Labels matter. So check out this updated glossary to make sure you’re using the right one…
The language we use to talk about things like gender identity and sexual orientation has been slowly evolving for years, in part because of the willingness of 2SLGBTQI+ individuals to be open about who they are and how they identify. The idea that each person’s sexual orientation and gender identity lies somewhere on a spectrum rather than as an absolute gay or straight/male or female has been around for a while, but younger generations are now accepting it as fact and embracing everything that comes along with that.
Keeping up with all the new terminology isn’t always easy, but the main thing is to, first and foremost, respect any label an individual chooses to give themselves. To make things a little easier, here are a few common 2SLGBTQI+-related terms that you should definitely know.
2SLGBTQI+: The acronym used by IN Magazine and numerous other organizations across the country to refer to the Canadian community. 2S, at the front, recognizes two-spirit people as the first 2SLGBTQI+ communities; L: lesbian; G: gay; B: bisexual; T: transgender; Q: queer; I: intersex (considers sex characteristics beyond sexual orientation, gender identity and gender expression); +: is inclusive of people who identify as part of sexual and gender-diverse communities, who use additional terminologies.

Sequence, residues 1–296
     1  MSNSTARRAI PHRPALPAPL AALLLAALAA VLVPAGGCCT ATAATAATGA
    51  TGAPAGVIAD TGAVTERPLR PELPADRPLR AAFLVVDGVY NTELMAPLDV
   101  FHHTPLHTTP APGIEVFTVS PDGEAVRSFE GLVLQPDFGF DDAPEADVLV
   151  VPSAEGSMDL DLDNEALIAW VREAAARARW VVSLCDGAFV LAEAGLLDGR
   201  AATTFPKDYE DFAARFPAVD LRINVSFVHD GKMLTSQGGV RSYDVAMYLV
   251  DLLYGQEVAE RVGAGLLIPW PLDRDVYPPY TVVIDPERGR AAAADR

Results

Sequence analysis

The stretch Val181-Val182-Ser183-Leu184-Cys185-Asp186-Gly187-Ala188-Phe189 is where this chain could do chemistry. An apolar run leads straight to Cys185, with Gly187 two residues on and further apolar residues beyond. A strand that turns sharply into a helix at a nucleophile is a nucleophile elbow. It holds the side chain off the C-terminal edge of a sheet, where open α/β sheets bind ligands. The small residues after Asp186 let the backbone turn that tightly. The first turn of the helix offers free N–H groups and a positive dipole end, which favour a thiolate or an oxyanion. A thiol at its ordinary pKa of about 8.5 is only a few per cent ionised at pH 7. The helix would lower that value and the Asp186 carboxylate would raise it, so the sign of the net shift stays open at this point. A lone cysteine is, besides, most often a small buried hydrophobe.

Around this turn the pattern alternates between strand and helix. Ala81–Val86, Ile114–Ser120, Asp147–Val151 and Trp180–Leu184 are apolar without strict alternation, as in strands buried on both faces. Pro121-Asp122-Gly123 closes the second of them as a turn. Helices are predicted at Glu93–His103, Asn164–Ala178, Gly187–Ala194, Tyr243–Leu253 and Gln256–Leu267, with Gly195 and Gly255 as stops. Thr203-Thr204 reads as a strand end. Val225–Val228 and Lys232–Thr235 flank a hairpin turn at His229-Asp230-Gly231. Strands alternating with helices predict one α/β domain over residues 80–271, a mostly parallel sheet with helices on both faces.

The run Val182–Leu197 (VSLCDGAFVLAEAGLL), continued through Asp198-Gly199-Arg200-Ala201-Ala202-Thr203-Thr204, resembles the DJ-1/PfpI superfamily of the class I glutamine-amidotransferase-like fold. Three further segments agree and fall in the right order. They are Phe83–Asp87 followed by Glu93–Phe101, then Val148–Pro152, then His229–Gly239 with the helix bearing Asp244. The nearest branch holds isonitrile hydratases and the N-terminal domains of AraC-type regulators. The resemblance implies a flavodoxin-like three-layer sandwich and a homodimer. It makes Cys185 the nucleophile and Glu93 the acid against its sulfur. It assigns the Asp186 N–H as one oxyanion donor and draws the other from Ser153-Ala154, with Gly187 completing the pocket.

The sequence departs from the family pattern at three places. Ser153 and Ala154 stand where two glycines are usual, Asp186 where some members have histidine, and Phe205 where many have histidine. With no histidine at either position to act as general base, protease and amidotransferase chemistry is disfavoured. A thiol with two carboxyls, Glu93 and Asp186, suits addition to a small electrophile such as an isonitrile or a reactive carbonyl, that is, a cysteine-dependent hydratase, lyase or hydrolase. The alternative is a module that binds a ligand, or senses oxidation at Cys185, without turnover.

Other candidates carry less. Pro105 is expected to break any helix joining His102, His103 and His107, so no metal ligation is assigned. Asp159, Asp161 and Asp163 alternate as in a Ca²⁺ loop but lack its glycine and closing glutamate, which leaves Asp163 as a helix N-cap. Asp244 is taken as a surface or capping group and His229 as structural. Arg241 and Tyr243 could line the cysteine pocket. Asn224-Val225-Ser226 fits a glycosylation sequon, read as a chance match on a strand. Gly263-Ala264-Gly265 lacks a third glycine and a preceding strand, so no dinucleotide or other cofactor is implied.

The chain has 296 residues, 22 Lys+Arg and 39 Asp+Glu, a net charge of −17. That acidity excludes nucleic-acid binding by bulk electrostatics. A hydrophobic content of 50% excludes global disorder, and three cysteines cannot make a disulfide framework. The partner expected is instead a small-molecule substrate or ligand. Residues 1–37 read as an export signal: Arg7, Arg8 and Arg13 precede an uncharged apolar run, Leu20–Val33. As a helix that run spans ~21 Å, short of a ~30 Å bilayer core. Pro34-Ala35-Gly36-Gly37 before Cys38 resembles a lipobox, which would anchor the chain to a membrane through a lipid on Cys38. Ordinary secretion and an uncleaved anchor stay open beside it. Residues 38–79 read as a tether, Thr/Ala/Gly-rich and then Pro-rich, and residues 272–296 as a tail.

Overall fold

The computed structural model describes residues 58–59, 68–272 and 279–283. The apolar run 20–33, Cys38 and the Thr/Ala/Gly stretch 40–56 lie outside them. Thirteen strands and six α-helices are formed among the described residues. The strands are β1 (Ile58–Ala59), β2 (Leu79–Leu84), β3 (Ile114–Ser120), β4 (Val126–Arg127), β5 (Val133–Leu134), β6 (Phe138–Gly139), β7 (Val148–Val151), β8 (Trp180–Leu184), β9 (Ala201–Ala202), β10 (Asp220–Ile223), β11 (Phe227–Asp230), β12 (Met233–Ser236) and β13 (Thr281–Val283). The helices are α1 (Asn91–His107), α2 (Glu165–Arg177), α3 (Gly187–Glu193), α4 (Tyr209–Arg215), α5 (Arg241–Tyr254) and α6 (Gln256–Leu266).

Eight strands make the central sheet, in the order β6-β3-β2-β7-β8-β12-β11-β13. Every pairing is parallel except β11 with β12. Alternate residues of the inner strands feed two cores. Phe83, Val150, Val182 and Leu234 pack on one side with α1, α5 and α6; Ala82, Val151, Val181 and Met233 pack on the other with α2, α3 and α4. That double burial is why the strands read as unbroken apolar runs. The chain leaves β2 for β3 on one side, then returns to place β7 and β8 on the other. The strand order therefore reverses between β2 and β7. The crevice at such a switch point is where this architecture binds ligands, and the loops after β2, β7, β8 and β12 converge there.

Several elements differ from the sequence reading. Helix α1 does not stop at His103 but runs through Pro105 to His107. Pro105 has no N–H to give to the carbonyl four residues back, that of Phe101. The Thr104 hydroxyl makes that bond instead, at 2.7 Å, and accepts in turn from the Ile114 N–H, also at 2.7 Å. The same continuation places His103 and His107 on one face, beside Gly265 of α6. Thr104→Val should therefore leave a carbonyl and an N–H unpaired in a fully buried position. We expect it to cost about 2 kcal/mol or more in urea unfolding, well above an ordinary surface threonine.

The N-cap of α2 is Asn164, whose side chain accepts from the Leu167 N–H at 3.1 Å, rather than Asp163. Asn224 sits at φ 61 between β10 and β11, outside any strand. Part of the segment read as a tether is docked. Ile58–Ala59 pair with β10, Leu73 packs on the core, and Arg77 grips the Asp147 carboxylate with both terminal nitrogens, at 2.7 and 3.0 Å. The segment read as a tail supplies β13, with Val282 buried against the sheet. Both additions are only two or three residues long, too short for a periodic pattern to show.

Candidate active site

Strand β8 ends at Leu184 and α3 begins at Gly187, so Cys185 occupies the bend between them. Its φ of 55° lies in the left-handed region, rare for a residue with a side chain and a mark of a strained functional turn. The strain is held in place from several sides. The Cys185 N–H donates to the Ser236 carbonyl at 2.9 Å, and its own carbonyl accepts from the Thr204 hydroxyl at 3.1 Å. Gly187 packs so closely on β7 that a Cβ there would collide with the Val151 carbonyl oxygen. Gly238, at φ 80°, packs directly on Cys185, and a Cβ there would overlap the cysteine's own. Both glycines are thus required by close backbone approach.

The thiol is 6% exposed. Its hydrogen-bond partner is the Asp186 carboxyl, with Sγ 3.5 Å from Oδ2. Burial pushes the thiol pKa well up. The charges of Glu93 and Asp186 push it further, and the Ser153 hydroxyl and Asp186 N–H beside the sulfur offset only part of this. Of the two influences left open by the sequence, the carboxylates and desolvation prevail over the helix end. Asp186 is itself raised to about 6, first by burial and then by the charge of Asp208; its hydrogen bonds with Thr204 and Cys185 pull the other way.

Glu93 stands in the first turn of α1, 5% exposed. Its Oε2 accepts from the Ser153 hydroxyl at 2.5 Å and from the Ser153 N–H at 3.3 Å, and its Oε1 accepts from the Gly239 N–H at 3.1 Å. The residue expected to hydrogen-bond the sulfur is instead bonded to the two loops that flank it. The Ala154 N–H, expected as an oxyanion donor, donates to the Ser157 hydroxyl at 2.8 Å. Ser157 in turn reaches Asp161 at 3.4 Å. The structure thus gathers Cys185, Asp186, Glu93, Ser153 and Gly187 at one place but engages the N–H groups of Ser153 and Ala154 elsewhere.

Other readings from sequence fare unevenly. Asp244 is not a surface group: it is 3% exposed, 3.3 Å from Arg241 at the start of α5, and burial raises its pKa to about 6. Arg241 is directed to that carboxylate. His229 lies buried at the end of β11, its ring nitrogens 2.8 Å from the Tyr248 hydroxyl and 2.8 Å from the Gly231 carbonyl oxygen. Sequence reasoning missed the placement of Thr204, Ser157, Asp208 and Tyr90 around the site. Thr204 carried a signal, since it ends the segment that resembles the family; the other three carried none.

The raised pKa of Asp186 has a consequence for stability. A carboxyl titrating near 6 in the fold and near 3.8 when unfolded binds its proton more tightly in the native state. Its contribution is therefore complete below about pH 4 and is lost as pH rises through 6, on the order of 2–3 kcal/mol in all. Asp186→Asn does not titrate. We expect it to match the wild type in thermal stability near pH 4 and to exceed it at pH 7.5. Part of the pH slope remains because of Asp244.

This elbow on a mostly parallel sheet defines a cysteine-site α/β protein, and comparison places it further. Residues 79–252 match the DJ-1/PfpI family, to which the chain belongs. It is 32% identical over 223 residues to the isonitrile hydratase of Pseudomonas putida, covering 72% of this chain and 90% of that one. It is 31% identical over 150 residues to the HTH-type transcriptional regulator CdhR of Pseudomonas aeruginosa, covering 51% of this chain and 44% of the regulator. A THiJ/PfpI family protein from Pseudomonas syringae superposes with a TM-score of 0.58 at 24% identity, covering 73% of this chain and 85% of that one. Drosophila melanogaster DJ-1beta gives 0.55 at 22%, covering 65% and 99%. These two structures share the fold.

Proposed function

Aromantic: A person who lacks romantic attraction or interest in romantic expression. An aromantic person’s sexual and romantic orientations may differ (e.g., aromantic lesbian), and they may have romantic and/or sexual partners.
Asexual: Someone who experiences no sexual attraction to other people regardless of gender identity or sex. They might still want to find love and be in a relationship; sex just isn’t something they want or need.
Binary: The concept that sex is divided into only two categories: you’re either male or you’re female. On the other hand, someone who is non-binary is not exclusively a man or a woman, but rather as somewhere in between or completely outside of the gender binary. A gender-queer person embraces more fluid ideas of gender; they are both a man and woman, neither a man or woman, or a combination of the two. Similarly, gender-fluid people don’t identify exclusively with a single gender and are open to their gender shifting over time.